Next, a simple time estimation exercise shall be performed to obtain a complex network topology with several intermediate cascading elements, firstly with a first generation ‘ILF12’ or similar connectivity device (without cascade mode), and then compared with a first generation ‘ILF G2 Pro’ device, which can be operated in cascade mode.

Imagine a system in which for each TS there are about 6 distribution elements, distributed on 4 cascade levels, and with an average of 250 consumers per TS.

With a first-generation device, it will only be possible to determine customer connections with respect to the element where the central device has been placed (see image 2). As previously mentioned, the operation has to be repeated in order to find out the customer’s connection with respect to the rest of the distribution elements that are on other levels. There may be elements that have to be automatically discarded due to the diagrams or references established, but it will probably be necessary to visit each customer two or three times in order to make sure their topology has been determined correctly.

On the other hand, with ILF G2 model (Image 3), 6 central units in the 6 TS could be simultaneously connected and the customers, with up to 6 operators (each one with a Line Device) could be checked. In this case, by identifying each consumer, the entire network diagram to which that customer is linked is automatically obtained.

By identifying them, it is possible to obtain the connectivity result with respect to all the distribution stations upstream from the consumer.

Image 4. By identifying them, it is possible to obtain the topology’s result with respect to all the TS upstream from the consumer.

Considering that about 250 consumers are linked up to each TS, and that there are 6 operators for all the TS, each of them has to identify around 41-42 consumers. Based on real figures, it can be concluded that an operator can analyse (depending on many factors) an average of 40-45 customers in a working day. Therefore, with this pack of 6 devices and 6 operators, 250 customer connections could be determined every day, which corresponds to 1 full TS. In this process, no Central Device located in the different distributor elements has had to be moved or reinstalled throughout the day.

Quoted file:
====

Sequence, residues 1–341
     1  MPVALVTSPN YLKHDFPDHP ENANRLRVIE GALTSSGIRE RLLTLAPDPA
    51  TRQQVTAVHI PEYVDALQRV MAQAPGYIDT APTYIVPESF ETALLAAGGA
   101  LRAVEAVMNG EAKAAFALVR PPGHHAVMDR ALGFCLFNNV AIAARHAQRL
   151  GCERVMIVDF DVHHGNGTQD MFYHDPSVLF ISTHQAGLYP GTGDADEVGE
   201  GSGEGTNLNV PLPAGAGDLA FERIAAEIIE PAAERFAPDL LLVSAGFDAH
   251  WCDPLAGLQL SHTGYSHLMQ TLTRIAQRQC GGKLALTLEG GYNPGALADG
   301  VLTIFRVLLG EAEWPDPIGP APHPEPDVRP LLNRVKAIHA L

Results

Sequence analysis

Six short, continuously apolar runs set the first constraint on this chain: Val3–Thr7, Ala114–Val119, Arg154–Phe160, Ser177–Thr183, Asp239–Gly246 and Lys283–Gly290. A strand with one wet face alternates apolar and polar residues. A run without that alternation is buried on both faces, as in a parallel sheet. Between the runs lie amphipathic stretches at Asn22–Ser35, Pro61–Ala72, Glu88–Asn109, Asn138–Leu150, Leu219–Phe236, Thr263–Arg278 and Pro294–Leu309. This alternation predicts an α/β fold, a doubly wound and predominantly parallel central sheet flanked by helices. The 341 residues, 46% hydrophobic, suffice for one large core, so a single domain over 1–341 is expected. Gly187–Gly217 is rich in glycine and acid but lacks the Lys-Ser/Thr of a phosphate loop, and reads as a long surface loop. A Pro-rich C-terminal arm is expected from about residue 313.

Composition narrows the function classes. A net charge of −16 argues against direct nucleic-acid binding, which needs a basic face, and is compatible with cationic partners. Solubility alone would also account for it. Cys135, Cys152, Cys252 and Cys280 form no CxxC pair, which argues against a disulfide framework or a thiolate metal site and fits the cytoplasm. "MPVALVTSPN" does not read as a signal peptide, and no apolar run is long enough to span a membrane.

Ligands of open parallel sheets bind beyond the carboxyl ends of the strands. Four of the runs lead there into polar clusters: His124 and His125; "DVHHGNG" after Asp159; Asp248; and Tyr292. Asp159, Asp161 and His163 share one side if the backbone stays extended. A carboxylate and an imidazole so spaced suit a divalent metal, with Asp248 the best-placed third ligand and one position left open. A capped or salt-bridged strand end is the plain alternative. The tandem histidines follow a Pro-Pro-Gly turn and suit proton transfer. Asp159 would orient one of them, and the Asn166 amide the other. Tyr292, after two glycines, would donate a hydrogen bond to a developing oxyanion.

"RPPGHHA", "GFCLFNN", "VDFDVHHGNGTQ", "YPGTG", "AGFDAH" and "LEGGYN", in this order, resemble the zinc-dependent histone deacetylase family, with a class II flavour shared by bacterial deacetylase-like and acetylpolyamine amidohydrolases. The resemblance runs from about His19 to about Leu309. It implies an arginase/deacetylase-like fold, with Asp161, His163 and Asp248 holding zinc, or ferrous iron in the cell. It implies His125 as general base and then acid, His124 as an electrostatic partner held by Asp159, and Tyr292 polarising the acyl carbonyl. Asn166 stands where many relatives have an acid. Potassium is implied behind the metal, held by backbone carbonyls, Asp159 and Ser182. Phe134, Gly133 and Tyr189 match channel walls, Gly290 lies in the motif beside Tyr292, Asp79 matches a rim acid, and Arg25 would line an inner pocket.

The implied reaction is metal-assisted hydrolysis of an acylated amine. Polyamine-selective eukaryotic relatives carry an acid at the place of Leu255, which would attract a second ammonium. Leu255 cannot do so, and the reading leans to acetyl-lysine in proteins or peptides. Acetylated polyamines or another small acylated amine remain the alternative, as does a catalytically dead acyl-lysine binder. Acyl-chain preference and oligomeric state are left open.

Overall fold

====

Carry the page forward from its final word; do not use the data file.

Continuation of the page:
If, on the other hand, a Generation 1 device were to be used (without a cascade functionality). The distribution topology element per distribution element would have to be determined by moving the Central Device in each operation, which implies going to each consumer on two, three or four occasions in order to determine the topology of a single TS. This requires not only several identifications having to be made, but the Central Devices also being moved several times a day in order to repeat the operation. Thus, the time invested can be multiplied two, three or four-fold, depending on the network diagram. Even the likelihood of a mistake being made when obtaining results is greatly increased.

Data digitalisation

The process of determining the network topology, especially in large campaigns, requires thousands of data being recorded in the field. It would be practically impossible to easily record them by hand without any mistakes being made, therefore it is essential to be able to digitise the data automatically in the field in order to export it to the database afterwards. For this purpose, Merytronic offers the ‘Grid GIS Connect App’, developed by Ariadna Grid, which enables easily and automatically opening, editing and saving all the information regarding customers’ connectivity on a map with their corresponding coordinates.

Its operation is very simple: every time the topology device identifies a customer, it sends all the information about its topology (with respect to all the TS) to the Tablet via Bluetooth. This App saves a lot of time in the data capture process and avoids many transcription errors.


Map showing the electric distribution network topology in a neighbourhood

Image 5. Map showing the electric distribution network topology in a neighbourhood. 
Furthermore, all the recorded data can be sent and integrated in the company´s database. The tandem Merytronic-Ariadna makes possible any development or customization in order to process (import and export) the important data from the tablet to the database automatically, in a format “readable” by both Systems.


The importance of having a database with Low Voltage electric distribution network topology updated has been demonstrated. The range of functionalities and advantages that arise from knowing the network topology makes it priceless.

A simple, robust, and efficient way to determine the topology by exploiting large Smart Meter installation campaigns using Merytronic’s different solutions has also been set forth. Not only can information be obtained in a simple and automatic way by saving it on a map in a tablet, it is also possible to integrate GIS systems and databases so that all this process requires the least human interaction possible, thus reducing time and costs, as well as avoiding errors when recording and saving the results.